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McAfee Plots Security Framework for Internet of Things

The Open Interconnect Consortium is a project meant to define and deliver device-to-device connectivity requirements for the internet of things (IoT)
The Open Interconnect Consortium is a project meant to define and deliver device-to-device connectivity requirements for the internet of things (IoT)

The Open Interconnect Consortium, a project meant to define and deliver device-to-device connectivity requirements for the internet of things (IoT), counts several tech giants as members, including Samsung, Broadcom, Atmel, Dell and Wind River. But with greater connectivity comes security concerns, so McAfee has joined the consortium.

With tales of hackable light bulbs, botnet-ready refrigerators, smart TVs that can spy on you and even hijackable pacemakers looming in the collective consciousness, McAfee plans to help establish the requirements for how IoT devices will operate safely in the smart home and the smart office – and from there, create a cross-platform IoT standard that’s open to any company wishing to use it.

“The consortium plans to deliver on three goals to help developers improve interoperability and device-to-device connectivity for the internet of things: a standard specification, an open source implementation and a certification program,” explained Gary Davis, chief consumer security evangelist for McAfee, in a blog. “The ultimate goal of our consortium is to enable IoT devices to connect and talk with one another regardless of who constructed the device in a safe and responsible manner.”

There is no better time than the present to start addressing the issues: according to the IDC, IoT is set to introduce billions of smart, connected devices – as many as 212 billion devices connected by 2020. Davis noted two initiatives that are already getting underway: Home Depot’s partnership with tech incubator Quirky and IoT specialist Wink will, together with General Electric, deliver an affordable smart home platform. Staples, too, is slated to release its smart home solution, Staples Connect.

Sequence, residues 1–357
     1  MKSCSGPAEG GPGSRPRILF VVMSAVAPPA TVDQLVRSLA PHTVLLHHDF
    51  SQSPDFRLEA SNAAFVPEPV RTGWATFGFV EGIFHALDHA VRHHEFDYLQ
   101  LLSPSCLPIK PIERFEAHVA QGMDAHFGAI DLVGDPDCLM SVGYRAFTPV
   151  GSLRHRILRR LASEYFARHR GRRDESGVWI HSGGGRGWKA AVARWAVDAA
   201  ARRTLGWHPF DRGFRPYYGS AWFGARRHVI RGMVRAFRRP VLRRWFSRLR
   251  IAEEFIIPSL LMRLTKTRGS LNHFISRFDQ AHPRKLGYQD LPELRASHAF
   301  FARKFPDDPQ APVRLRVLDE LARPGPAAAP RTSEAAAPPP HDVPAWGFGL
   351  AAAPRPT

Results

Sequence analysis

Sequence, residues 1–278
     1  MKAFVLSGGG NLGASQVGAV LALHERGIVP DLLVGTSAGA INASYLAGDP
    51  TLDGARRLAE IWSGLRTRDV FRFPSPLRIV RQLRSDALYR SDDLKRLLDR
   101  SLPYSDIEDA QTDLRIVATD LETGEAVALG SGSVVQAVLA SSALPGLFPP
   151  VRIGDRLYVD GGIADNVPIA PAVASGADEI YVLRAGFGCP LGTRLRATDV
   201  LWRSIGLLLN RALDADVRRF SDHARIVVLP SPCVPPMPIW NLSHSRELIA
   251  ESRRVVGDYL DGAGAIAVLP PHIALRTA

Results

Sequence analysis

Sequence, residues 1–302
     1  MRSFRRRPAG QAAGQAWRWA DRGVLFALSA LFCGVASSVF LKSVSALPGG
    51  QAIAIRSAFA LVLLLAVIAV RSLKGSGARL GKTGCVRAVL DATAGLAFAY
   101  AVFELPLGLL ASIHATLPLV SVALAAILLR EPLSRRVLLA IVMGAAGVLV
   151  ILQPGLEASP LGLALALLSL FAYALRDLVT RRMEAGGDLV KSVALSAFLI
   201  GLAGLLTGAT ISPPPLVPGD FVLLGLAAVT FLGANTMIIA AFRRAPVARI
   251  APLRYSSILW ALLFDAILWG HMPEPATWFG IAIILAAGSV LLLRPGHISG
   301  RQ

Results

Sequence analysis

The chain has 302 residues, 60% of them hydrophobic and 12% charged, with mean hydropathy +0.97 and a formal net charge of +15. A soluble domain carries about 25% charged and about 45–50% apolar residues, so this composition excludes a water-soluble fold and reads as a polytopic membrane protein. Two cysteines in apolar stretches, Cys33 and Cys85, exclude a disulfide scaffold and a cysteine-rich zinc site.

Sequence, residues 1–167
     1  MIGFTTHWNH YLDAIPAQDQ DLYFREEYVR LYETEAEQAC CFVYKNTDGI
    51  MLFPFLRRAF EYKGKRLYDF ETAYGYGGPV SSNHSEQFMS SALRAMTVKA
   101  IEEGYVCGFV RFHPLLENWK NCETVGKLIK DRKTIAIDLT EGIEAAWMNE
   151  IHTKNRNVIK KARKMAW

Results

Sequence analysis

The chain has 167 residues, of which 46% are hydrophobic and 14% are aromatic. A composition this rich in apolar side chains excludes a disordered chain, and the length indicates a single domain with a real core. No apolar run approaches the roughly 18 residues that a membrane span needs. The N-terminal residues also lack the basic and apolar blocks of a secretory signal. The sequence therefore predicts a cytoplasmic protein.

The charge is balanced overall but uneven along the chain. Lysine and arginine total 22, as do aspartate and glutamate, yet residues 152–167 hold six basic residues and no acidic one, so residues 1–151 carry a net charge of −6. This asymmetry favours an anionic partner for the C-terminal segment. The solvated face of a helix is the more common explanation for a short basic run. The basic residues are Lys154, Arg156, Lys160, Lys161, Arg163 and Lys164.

“A network can imply a number of things: it can imply a group of friends, coworkers and teams. It can be used to reference a grouping of schools, businesses and universities,” Davis said. “And it can also imply a connection uniting each of these elements with one another. Today, we call that connection—that network—the Internet. To say the Internet has transformed how we work and play today is a monumental understatement. It allows us to communicate, collaborate and advance across vast distances at the speed of light. But the Internet isn’t done yet.”

He added, “We want to help make sure the future iterations of these solutions are executed in a safe, responsible manner that enables the full potential of the IoT.”

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